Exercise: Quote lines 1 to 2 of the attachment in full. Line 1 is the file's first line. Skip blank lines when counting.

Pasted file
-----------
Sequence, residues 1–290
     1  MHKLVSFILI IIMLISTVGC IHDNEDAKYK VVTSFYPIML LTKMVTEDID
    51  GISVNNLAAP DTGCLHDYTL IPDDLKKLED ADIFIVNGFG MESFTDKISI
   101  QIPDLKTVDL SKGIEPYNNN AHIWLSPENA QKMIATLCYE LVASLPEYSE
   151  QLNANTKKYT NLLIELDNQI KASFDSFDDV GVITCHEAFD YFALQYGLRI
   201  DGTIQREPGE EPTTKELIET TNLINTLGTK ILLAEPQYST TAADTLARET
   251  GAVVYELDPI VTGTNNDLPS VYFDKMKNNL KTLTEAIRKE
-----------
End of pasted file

Sequence, residues 1–290
     1  MHKLVSFILI IIMLISTVGC IHDNEDAKYK VVTSFYPIML LTKMVTEDID